I met Sabrina on the way and together we pulled into the Frost Fire Resort on High Plains Reader time. We were given our itineraries, which appeared jam-packed, and soon found ourselves floating down the Pembina River in a set of orange kayaks.

Early the next morning I met with two gentlemen by the names of Bill and Lorne. They'd be taking me for a loop through the infamous Pembina River Gorge on the local mountain bike/ATV trails. The duo met me at the Sanctuary Guest House and Tearoom where I stayed the night before. We shook hands, introduced ourselves and together made our way to the trailhead.

Bill, a young husband and father, juggles a family and fulltime job but still somehow manages to open and maintain his bike shop, Bill's Bikes and Stuff, in Cavalier, N.D. (just down the way from the Gorge we'd be riding in).

Lorne is a Canadian transplant and the youngest of thirteen children. I later found out he may or my not have a few miles of prime, ultra-techy single track in his backyard but you didn't hear that from me. He appeared more middle-aged and was wearing a "Rocky Mountain" mountain bike jersey. He laughed a big laugh and smiled a big smile. He told me not to wait up for him. Bill assured me I wouldn't have to.

We hit the trail which was composed of a very similar composition of clay and sand to I was accustomed to riding at home. Bill described it as, "not quite Red River Gumbo, but pretty close."

We'd been lucky however, trail conditions were a damp and slightly tacky texture, which allowed for fast and grippy riding. I was unsure if I'd be able to get excited about riding double-track ATV trails the entire trip. However, I was pleasantly surprised by how much fun I was having.

There were playful climbs and descents alongside loose gravel berms and sections of ATV rut. The trail dipped and weaved through the gorge, which required an acute sense of balance and technique to navigate successfully. We stopped from time to time to take in views of the Gorge and Pembina river, snack on wild juneberries and of course talk about bikes.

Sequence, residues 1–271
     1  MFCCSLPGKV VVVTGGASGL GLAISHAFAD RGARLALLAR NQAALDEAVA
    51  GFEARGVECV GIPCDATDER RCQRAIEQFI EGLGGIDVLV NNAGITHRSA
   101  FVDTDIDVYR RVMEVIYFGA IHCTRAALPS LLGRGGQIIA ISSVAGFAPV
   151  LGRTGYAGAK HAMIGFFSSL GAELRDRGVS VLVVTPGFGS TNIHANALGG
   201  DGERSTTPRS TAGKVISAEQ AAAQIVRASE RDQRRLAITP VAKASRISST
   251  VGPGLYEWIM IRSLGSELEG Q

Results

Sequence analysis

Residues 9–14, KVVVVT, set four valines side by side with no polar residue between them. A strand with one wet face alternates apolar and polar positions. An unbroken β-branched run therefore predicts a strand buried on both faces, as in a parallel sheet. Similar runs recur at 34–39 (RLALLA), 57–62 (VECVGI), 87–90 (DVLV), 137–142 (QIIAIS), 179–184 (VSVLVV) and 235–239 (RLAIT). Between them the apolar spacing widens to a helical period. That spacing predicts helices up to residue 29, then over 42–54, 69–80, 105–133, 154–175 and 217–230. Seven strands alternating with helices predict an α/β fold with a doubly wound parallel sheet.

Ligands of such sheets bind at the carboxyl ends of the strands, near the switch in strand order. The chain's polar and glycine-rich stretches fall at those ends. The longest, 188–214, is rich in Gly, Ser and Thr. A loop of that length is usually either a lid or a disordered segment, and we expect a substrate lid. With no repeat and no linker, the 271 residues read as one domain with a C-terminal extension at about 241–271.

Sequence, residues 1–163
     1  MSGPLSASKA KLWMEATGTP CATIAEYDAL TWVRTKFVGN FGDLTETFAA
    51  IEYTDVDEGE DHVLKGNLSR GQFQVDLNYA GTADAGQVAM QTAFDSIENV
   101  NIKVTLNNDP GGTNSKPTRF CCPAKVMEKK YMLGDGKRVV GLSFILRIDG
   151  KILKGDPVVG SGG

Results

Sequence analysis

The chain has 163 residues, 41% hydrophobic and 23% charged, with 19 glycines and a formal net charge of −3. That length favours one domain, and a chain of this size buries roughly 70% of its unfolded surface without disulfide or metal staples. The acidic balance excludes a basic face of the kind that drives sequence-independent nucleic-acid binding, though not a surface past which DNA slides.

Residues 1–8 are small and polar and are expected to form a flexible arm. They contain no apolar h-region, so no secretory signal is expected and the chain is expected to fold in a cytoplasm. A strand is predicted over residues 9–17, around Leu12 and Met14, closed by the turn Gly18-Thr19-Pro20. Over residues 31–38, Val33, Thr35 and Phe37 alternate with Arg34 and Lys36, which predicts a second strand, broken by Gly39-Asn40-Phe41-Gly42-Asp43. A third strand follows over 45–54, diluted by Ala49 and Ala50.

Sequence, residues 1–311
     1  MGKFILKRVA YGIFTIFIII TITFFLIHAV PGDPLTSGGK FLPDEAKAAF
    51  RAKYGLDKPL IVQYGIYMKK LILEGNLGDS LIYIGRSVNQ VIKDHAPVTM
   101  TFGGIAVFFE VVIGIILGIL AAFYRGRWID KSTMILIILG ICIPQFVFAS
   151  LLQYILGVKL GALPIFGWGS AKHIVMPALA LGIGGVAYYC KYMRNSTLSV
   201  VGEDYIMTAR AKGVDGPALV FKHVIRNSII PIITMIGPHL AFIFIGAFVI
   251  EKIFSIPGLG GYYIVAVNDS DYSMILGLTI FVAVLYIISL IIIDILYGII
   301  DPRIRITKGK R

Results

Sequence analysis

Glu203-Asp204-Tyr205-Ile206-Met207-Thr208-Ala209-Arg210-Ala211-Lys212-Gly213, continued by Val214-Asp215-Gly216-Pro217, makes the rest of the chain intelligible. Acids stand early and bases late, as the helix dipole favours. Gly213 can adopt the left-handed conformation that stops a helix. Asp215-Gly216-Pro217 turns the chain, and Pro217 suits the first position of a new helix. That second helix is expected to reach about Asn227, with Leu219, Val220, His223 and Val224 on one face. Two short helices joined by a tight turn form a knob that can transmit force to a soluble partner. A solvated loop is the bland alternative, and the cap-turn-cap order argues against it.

As our ride inched closer to its end the three of us happened upon another set of riders manning an aid station for a local off-road triathlon organized by Extreme Norah Dakota Racing (otherwise known END racing) called The Wilderman.

None of the tri-athletes had made it through the aid station yet but our two groups’ mutual love for bikes made us instant friends. The Aid workers cracked us each a beer from their "super secret personal stash.”

We laughed, showed off our bikes and indulged in the finest of barley sodas, until I was once again on High Plains Time. With that, we thanked the workers for their hospitality, exchanged high-fives (just because) and headed back to the trailhead.

I was late for my next engagement but in my own past experiences, bikes, beer and new friends are always worth the extra minutes. When we once again reached the trailhead I said my goodbyes to Bill and Loren, who now felt like old friends.

In true North Dakota fashion, the two welcomed me back any time, and I can honestly say I plan to take them up on it. New opportunities for outdoor recreation are brewing in the Pembina Gorge. With the construction of new trail and a ski lift-assisted downhill course set to begin in August, I'd say the future for this region appears very bright.